Google Analytics 4 (GA4) is the new generation of Google’s analytics platform that offers advanced features and a new event-based data model. You’ve probably seen the banner alert, but as a friendly reminder, you have until July 1, 2023 to complete your migration. That means you have 30 days.
With the sunsetting of Universal Analytics, it is essential for marketers to understand and utilize GA4 to optimize their digital campaigns. This comprehensive guide will cover everything you need to know about GA4, from its new features and functionalities to how to set it up and avoid common mistakes.
What is Google Analytics 4?
Google Analytics 4 is the newest version of Google Analytics, launched in October 2020, which replaced Universal Analytics in 2023. GA4 introduces a new event-based data model that allows for cross-platform tracking and a user interface with new capabilities and implementation. With a focus on AI-driven data and privacy-centric design, GA4 aims to help marketers not only better understand users but also predict behavior to improve user experience.
The Difference Between GA4 and Universal Analytics
There are several key differences between Google Analytics 4 and Universal Analytics:
The first noticeable change is the entirely new dashboard in GA4. It has a more streamlined interface, with some reports either gone or moved to new locations. The navigation bar to the right includes buttons for home, reports, explore, advertising, configure, and library.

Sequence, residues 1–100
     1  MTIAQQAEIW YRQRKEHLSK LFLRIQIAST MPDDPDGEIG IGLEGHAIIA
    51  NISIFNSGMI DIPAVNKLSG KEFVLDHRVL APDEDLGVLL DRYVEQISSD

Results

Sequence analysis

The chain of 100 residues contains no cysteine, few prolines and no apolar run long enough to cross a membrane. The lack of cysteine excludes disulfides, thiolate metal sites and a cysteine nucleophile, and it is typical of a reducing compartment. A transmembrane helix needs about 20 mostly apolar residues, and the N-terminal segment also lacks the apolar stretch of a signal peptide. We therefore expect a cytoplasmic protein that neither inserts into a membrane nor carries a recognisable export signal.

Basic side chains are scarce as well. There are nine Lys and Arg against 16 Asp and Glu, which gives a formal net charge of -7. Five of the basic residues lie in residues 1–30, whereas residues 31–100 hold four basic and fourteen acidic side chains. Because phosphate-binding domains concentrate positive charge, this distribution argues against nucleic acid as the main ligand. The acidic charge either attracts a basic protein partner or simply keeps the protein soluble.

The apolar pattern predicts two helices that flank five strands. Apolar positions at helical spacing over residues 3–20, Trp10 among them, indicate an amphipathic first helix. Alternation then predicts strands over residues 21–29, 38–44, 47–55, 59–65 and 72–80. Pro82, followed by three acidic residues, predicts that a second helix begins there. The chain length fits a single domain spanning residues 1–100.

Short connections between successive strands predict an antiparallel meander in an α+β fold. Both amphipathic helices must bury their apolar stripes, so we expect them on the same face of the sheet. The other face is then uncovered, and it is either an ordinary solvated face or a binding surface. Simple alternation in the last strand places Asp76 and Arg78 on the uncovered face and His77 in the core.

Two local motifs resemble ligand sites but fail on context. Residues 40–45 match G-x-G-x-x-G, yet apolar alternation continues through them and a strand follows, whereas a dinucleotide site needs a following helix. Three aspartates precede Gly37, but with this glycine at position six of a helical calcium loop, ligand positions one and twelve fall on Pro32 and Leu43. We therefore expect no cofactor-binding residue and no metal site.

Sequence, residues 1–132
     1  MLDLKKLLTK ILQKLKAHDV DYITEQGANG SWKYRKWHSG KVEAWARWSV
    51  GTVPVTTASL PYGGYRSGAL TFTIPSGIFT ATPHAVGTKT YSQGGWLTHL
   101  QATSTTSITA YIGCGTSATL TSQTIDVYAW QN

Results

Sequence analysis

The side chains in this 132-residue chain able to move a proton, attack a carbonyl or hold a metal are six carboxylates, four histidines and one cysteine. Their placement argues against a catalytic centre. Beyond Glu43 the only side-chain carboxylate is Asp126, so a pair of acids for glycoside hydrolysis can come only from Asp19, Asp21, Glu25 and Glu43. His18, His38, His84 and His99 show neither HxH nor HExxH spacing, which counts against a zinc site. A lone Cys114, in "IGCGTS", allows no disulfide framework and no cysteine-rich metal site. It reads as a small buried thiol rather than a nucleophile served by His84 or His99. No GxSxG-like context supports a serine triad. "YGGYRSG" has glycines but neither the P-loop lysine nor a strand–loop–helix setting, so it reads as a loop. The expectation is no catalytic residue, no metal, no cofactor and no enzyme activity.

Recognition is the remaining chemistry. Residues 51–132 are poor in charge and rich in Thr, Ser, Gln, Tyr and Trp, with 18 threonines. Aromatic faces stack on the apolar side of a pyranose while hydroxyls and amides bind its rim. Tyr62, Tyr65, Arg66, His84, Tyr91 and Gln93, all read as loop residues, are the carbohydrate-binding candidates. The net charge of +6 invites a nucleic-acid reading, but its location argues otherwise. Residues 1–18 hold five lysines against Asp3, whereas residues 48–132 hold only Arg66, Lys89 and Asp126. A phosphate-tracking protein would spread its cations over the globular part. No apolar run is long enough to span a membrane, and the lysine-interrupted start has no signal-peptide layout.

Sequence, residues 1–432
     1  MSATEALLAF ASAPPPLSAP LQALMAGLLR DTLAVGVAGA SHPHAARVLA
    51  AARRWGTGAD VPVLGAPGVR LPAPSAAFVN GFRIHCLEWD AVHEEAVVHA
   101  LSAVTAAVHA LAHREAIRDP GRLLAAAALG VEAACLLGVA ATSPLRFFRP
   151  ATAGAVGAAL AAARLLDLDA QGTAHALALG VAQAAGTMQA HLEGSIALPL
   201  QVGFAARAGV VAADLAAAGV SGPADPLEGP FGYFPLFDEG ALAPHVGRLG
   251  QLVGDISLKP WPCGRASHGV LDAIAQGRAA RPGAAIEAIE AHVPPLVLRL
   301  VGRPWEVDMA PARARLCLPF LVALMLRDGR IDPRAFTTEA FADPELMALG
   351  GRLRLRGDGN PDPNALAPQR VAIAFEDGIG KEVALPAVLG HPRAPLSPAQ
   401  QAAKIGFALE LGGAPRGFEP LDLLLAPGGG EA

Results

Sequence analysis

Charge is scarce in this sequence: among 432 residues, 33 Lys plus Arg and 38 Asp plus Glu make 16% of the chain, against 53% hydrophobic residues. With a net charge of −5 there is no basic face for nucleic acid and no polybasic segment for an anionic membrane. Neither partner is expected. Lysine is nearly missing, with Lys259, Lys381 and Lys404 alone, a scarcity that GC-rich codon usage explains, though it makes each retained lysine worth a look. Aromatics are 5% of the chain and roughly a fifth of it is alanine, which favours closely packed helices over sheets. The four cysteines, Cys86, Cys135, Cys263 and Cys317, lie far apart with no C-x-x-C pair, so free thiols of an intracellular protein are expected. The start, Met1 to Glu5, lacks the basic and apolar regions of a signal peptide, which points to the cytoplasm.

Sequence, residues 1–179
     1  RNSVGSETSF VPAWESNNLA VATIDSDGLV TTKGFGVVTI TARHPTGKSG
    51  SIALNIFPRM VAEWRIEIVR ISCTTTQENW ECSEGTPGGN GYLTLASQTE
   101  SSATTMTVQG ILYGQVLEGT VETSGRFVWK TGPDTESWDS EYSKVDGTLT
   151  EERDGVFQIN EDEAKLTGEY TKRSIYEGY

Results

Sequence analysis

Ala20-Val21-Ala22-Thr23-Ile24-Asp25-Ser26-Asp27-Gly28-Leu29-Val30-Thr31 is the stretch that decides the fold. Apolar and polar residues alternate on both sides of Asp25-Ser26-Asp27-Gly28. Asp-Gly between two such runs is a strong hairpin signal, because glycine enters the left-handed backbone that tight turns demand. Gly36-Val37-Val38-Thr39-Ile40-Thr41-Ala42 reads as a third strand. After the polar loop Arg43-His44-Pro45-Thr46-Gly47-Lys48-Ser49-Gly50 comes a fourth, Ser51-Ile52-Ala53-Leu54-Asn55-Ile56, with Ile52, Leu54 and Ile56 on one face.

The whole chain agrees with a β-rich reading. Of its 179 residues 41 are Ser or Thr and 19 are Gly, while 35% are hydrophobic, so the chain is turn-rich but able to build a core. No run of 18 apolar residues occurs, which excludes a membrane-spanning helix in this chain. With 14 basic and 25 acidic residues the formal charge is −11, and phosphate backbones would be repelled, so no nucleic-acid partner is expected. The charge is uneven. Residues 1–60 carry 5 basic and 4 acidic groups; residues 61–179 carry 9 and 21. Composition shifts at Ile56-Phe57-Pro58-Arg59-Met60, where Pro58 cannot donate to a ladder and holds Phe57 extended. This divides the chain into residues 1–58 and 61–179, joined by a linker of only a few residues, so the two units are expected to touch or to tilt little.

Event-Based Data Model
Universal Analytics mainly focused on sessions and page views. In contrast, GA4 uses an event-based data model that tracks user interactions on both websites and applications. This shift allows for more in-depth reports and insights into user behavior.
GA4 leverages AI and machine learning to provide predictive insights, enabling marketers to make proactive decisions based on data. These insights can help identify opportunities and threats that can influence marketing strategies.
Setting Up GA4
Setting up GA4 involves a few simple steps, and your existing Universal Analytics property will continue to collect data. Here’s how to connect a new GA4 data stream to your current Universal Analytics:
- Login to your Google Analytics Account.
- Click Admin (gear icon) in the bottom left navigation.
- Confirm that your desired account is selected.
- Confirm the desired property is selected.
- Click GA4 Setup Assistant, the first option in the Property column.
Once inside the Setup Wizard, click the ‘Get Started’ button, followed by the ‘Create property’ button. Note that the GA4 setup assistant works automatically with gtag.js. If you use a website builder such as WordPress or Wix, you will need to add the Analytics tag yourself.
After creating your property, the setup assistant will automatically activate enhanced measurement in your Google Analytics 4 property. Custom code is still needed to track third-party elements and form submissions, but basic event tracking is automatic and ready to go.
How to Use Google Analytics 4 Reports
GA4 offers a range of reports that can help you analyze user behavior, track the customer journey, and measure the performance of marketing campaigns. Here are some of the best ways to use GA4 reports:
Home Page Report